« Reply #212 on: June 22, 2013, 04:57:26 PM »
Thanks for reading Adam. :D  OJH, you're right, the little 16" bar on my MS290 didn't make it all the way through so I had to go up one side and down the other.  I was surprised how well the cuts lined up.  This work was really asking too much from my little 56cc saw but she got through it...slowly.  I had to file my chain after each pass. 
"They don't grow trees so close together that you can't ski between them"

Offline OlJarhead

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Re: A Victoria's Cottage in Western Maine
« Reply #213 on: June 25, 2013, 07:25:24 AM »
I ran a few logs with my Husky 455 but it was really taxed.  I found I could get a few passes with my 10 degree ripping chains and I had a couple of them so I could swap out the chain and mill longer before sharpening both while letting the saw cool down.  I was running a 20" bar though.

Offline Jeff922

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Re: A Victoria's Cottage in Western Maine
« Reply #214 on: June 29, 2013, 05:39:33 AM »
I've experimented with ripping chains and I honestly don't notice a big improvement with them.  But I do need a bigger saw and a bigger bar.  Actually, I own an early 1950s Homelite 26LCS which I plan on restoring.  It is huge!  It has a 27" bar and I think it's 103cc.  Now if I can only find the time to get it running LOL, oh yeah, I have to build my shop first. ;D
"They don't grow trees so close together that you can't ski between them"

Offline rick91351

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Re: A Victoria's Cottage in Western Maine
« Reply #215 on: June 29, 2013, 01:04:24 PM »
Jeff there are a lot of those old big saws hanging around here in the tool sellers and pawn shops.  My Homelite 410 went bad with a 26 inch bar.  The boot from the air box to the carb was shot.  A friend owns a saw shop he looked it over and pretty well said as much as I use a chain saw it is dead - buy an other.  I bought a new Echo same bar and pitch chain.  I told the shop owner if you can rebuild the Homelite do it.  He said lots of luck but it is still a old saw with a lot of wear and they are not really making parts for them anymore.  About a year later his wife called and told me to come pick it up!   

That was a couple years ago.  It has just sat there under my bench.  Then last week I was thinning pine trees and Echo would not start because a fouled plug toward the end of the day.  I went down to the shop got the old Homelite.  Filled it up with fresh fuel and bar oil.  Choked it gave it a pull and it coughed.  Flipped the choke off and gave it another pull and it roared to life.  Finished out the day with it.  I think it must be twenty years old.  I loved it then and I enjoyed using it again.  However the Echo is lighter in weight and cuts faster with the same chain....  Both are great outfits.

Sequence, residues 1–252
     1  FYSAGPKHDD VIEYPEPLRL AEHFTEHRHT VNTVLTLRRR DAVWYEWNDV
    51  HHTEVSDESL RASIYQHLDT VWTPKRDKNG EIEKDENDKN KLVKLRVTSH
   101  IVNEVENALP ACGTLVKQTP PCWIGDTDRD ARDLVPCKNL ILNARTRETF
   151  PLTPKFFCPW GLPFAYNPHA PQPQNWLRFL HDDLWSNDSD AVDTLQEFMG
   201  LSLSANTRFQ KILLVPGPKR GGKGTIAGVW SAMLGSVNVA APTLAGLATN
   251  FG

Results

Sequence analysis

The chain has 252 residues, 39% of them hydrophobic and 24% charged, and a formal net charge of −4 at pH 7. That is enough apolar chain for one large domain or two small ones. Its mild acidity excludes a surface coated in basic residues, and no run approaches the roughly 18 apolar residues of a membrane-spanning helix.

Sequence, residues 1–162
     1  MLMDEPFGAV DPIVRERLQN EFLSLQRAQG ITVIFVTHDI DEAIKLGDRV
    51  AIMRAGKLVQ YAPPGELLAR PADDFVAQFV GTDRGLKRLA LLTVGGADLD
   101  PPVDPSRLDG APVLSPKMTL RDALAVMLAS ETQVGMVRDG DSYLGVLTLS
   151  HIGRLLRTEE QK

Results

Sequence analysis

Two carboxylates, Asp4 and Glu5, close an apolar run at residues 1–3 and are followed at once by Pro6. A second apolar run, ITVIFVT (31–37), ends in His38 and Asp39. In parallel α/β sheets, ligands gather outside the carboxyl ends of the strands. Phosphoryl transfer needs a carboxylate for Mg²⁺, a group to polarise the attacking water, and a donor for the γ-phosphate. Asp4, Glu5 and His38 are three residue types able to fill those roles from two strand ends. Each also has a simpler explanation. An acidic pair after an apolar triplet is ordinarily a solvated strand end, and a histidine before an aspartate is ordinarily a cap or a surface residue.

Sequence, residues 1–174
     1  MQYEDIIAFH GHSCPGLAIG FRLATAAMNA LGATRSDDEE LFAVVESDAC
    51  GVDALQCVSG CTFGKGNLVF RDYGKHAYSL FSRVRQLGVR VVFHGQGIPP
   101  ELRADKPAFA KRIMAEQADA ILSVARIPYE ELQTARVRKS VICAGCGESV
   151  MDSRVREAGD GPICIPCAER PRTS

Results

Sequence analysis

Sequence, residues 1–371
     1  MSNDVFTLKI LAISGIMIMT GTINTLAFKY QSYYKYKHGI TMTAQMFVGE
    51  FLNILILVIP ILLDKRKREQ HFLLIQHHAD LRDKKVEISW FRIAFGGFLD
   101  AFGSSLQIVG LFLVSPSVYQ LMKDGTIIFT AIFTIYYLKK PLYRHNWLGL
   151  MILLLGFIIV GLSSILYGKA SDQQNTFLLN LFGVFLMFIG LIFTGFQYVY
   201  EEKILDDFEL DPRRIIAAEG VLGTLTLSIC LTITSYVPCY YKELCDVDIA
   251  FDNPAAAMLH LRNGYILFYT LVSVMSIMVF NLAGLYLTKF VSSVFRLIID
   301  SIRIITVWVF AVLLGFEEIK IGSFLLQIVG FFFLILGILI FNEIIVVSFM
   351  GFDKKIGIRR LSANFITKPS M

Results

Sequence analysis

I don't feel I made a mistake having it repaired.....       
Proverbs 24:3-5 Through wisdom is an house builded; an by understanding it is established.  4 And by knowledge shall the chambers be filled with all precious and pleasant riches.  5 A wise man is strong; yea, a man of knowledge increaseth strength.

Offline Jeff922

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Re: A Victoria's Cottage in Western Maine
« Reply #216 on: June 29, 2013, 04:10:28 PM »
Cool story Rick!  The one that I have was given to my dad back in the 60s.  It is really in amazing condition considering it's age (I think it was the second chainsaw Homelite made).  The piston isn't frozen and I'm sure a carb rebuild and some tuning and it'll be ready to go.  I'm a firm believer in older being better.   :D
"They don't grow trees so close together that you can't ski between them"

Offline RIjake

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Re: A Victoria's Cottage in Western Maine
« Reply #217 on: June 30, 2013, 06:16:46 AM »
Jeff,  I find it interesting that you say the ripping chains don't work so well.  I've been toying with the idea of buying on of those chainsaw mills for one of my saws.  Specifically the Stihl 038 super, I think at 67 ci it should have the power but always thought I'd have to pick up a ripping chain too.
All the pines on my property are about 150' higher than my camp is so it would be tough to use them anyway.  Most of what I have around the camp is beech.  That's pretty hard wood so it would probably be tough sawing.

Offline Jeff922

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Re: A Victoria's Cottage in Western Maine
« Reply #218 on: July 03, 2013, 05:27:05 PM »
Getting a bit of a late start (I underestimated the amount of tree work I had to do) but finally started excavation for the barn/shop.  I didn't want to pay $95/hr again for excavation work so I rented one this time.  I've never operated an excavator before (but have operated tractors and forklifts) so there is a bit of a learning curve but I'm picking it up pretty quickly.  I wonder if I should start a separate thread for this build or if I should keep it here as it will accompany my Victoria's?

"They don't grow trees so close together that you can't ski between them"

Offline freezengirl

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Re: A Victoria's Cottage in Western Maine
« Reply #219 on: July 16, 2013, 07:53:18 PM »
It has been a long time since I popped in here to see how your project was moving along. Congratulations on the birth of your daughter!  :)